GOSPORT, England — Two lines of trenches face off across No Man's Land. A soldier marches, rifle in hand, along a ditch. These are instantly familiar images of World War I — but this is Britain, a century on and an English Channel away from the battlefields of the Western Front. This overgrown and oddly corrugated patch of heathland on England's south coast was once a practice battlefield, complete with trenches, weapons and barbed wire. Thousands of troops trained here to take on the German army. After the 1918 victory — which cost 1 million Britons their lives — the site was forgotten, until it was recently rediscovered by a local official with an interest in military history. By Jill Lawless. UPCOMING: 780 words by 3:30 a.m., photos.
COLOMBIA-FREEING THE PARAMILITARIES
BOGOTA, Colombia — One veteran of Colombia's disbanded far-right militias admitted to ordering or taking part in at least 3,000 killings, mostly targeting leftists. Another ordered a hit on a prominent intellectual who had been unjustly accused of backing insurgents. Those two men and about 400 other right-wing paramilitaries are due to walk free this year after serving eight-year sentences for crimes that normally carry more than triple the prison terms. By Libardo Cardona. SENT: 1,100 words, photos.
CAIRO — In Egypt's newest reality television show, contestants sold fruit juice from push carts in Cairo's busiest market and later organized a desert safari for tourists, hustling to make sales in the capital's crowded streets. The program, called "The Project" in Arabic, highlights entrepreneurship and small business acumen — something experts say is more crucial than ever as Egypt tries to claw its way out of tough economic times. By Maggie Hyde. SENT: 720 words, photos.
ARMY GENERAL-SEX CHARGES
FORT BRAGG, N.C. — Opening statements are set to begin in the court-martial of an Army general accused of sexually assaulting a captain under his command with whom he had a three-year affair. Prosecutors will begin making their case Friday against Brig. Gen. Jeffrey A. Sinclair. By Michael Biesecker. UPCOMING: 900 words by 4:30 a.m., photos; updates through the day from court session, beginning at 9 a.m.
DENVER — A legislative dispute in Denver pitting taxi drivers against emerging tech companies mirrors similar fights playing out across the nation. State lawmakers and city government officials in various states are considering how to regulate Web-based businesses such as Uber and Lyft, which allow passengers to hail rides with the swipe of a smartphone. By Ivan Moreno and Ray Henry. SENT: 1,000 words, photos.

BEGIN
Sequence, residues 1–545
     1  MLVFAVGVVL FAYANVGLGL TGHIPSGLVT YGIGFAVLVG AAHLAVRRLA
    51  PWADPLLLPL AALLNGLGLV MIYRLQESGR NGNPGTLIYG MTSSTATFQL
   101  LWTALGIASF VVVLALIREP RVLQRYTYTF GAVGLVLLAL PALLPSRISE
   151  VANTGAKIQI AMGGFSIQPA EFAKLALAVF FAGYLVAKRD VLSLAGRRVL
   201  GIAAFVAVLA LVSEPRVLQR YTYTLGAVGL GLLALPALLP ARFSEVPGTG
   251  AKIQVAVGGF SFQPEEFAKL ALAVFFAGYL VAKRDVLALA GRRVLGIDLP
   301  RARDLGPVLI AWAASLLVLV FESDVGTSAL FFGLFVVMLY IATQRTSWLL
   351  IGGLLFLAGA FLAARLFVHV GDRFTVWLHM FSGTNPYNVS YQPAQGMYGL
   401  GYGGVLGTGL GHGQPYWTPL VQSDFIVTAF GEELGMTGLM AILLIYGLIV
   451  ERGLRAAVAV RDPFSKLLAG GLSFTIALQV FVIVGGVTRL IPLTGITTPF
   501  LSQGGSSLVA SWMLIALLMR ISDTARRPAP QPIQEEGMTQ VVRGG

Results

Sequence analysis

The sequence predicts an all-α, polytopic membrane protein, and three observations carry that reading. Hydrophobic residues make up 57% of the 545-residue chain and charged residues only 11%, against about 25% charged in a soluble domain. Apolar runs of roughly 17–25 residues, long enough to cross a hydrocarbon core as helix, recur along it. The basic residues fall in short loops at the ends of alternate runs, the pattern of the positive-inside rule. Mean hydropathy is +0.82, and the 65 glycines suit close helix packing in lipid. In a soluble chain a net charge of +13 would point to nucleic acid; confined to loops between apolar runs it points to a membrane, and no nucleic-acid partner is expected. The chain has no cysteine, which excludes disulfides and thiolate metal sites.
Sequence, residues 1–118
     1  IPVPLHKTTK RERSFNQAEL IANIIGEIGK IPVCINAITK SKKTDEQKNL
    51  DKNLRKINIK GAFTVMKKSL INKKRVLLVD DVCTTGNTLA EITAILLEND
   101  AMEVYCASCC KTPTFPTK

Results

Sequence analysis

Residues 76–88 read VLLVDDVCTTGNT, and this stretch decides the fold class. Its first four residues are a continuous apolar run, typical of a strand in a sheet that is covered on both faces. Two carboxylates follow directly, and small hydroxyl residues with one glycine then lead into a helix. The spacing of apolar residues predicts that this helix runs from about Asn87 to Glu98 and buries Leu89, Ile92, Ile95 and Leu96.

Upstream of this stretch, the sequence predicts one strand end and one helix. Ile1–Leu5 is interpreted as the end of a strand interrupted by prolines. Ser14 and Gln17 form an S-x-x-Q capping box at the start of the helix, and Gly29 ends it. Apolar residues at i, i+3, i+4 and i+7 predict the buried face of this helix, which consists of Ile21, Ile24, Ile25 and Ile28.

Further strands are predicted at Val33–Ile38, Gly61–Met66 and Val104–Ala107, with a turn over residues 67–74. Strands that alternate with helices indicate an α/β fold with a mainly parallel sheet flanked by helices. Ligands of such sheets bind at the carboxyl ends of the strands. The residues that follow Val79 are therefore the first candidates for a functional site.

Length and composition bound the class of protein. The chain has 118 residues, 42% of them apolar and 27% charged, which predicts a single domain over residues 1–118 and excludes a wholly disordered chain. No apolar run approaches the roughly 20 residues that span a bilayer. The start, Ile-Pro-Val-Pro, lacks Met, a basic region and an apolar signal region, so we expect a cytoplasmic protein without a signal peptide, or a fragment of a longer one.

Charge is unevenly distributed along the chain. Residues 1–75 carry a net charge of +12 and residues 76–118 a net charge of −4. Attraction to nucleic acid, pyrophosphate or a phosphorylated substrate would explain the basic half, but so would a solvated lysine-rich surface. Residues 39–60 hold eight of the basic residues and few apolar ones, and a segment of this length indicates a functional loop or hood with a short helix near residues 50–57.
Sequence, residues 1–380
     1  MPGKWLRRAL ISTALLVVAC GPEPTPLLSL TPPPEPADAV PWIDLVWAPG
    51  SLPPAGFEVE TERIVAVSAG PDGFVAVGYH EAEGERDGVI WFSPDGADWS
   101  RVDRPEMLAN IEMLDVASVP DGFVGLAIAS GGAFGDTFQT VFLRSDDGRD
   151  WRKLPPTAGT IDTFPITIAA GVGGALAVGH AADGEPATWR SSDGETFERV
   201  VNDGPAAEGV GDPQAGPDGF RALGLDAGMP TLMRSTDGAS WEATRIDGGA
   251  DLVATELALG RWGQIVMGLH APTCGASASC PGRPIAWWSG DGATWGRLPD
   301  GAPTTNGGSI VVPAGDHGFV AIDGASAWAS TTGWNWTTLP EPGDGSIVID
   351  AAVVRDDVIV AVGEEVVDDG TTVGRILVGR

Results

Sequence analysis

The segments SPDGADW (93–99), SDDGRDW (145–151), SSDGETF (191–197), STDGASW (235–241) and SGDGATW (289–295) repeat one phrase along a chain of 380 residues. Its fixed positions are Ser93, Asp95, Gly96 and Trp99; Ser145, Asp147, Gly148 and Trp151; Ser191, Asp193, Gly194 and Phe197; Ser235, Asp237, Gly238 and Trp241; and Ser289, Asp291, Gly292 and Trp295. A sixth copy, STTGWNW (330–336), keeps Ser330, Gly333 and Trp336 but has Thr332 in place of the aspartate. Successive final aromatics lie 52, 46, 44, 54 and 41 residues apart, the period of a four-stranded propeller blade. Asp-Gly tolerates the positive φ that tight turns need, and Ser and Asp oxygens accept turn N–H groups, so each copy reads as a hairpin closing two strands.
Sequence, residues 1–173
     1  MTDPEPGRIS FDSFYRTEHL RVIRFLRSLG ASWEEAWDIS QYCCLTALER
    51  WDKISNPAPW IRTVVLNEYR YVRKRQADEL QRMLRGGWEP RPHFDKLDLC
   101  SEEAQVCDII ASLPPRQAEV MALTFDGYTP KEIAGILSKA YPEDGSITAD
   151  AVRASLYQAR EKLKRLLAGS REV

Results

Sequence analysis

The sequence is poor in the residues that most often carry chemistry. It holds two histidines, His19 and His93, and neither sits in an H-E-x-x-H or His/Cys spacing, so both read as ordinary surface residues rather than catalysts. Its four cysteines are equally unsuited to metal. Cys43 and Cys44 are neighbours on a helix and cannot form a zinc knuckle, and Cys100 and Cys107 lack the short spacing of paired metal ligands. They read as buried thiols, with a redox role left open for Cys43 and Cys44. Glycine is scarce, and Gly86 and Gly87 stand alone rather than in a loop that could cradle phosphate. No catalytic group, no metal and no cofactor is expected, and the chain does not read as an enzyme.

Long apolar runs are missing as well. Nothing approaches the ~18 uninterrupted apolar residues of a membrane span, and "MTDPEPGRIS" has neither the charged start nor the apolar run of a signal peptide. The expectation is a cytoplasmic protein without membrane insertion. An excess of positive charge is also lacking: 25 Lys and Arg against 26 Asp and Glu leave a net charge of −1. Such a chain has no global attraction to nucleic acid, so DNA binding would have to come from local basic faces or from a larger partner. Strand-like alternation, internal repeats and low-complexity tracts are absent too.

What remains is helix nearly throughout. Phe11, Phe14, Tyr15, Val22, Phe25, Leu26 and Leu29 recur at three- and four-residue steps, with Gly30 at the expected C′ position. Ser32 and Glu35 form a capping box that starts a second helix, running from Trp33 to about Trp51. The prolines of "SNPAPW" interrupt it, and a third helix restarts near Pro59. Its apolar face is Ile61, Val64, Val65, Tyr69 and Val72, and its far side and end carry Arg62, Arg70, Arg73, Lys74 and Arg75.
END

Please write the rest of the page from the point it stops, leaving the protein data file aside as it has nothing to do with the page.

BARRYTOWN, N.Y. — Sharp winds lash up the river as sailors launch boats onto the ice. Sails whip furiously as the long blades slide across a white sheet that spread for miles. Finally, a frigid winter has created excellent conditions for ice sailing on the river, as more than a dozen boats hit a wide stretch of the Hudson north of New York City. Many are one-person craft, while two are reconditioned 19th-century ice yachts, made of heavy lumber and fitted with tall sails. By Michael Hill. SENT: 620 words, video, photos.
WASHINGTON — The government issues the February jobs report. Forecast is that employers added 145,000 jobs and that the unemployment rate remained 6.6 percent. Harsh winter weather is likely to have affected the numbers. In January, employers added a slight 113,000 jobs after an even weaker 75,000 in December — far below last year's average monthly gain of 194,000. Yet solid hiring in manufacturing and construction in January pointed to some underlying strength. By Christopher S. Rugaber. UPCOMING: 130 words after release of report at 8:30 a.m., 350 words by 9:15 a.m., photo.
LOS ANGELES — Attorneys for Darren Sharper argue against extraditing him to New Orleans, one of several jurisdictions where the former NFL safety is under investigation on suspicion he drugged and raped women. By Anthony McCartney. SENT: 300 words, photos. UPCOMING: 400 words after 4:30 p.m. court hearing.
— BADLY BURNED BOY — While prosecutors have convinced a judge that a Texas man can be tried as an adult for allegedly burning a boy when he was a teenager, securing a murder conviction in a case where the victim died 13 years after the attack will be difficult, experts say. SENT: 670 words, photos.
— COMMITTEE CHAIRMAN-CONDUCT — Cummings says Issa apologized for conduct at hearing on IRS scandal. SENT 220, photo.
— OBAMA-FLORIDA — Obama plan for weekend family vacation in south Florida thrown into doubt because of Ukraine. SENT: 380 words, photo.
— FAA-DRONES — Judge dismisses FAA fine against commercial user for flying a small drone, citing a lack of regulations. SENT: 430 words.
— NUKE REPOSITORY-RADIATION — New Mexico residents, officials want more information on nuclear dump radiation release. SENT: 640 words, photo.
— NEW ZEALAND-DOG ATTACK — New Zealand doctors say 7-year-old Japanese girl was bitten about 100 times during dog attack. SENT: 330 words.
— MALAYSIA-ULTRAMAN BOOK BANNED — Malaysia bans Ultraman comic book for equating the Japanese action hero with Allah. SENT: 320 words.
— JAPAN-DEAF COMPOSER — Scandal-ridden Japan's Beethoven apologizes before cameras clean-shaven, bows for troubles. SENT: 250 words.
— MACAU-LAGERFELD HOTEL — Macau developer, Karl Lagerfeld announce plans for Chanel designer to create first hotel. SENT: 290 words.
— OBIT-JOBE — Frank Jobe, pioneer of elbow surgery that resurrected careers of baseball pitchers, dies at 88. SENT: 800 words, photos.
Copyright © The Associated Press. All rights reserved. This material may not be published, broadcast, rewritten or redistributed.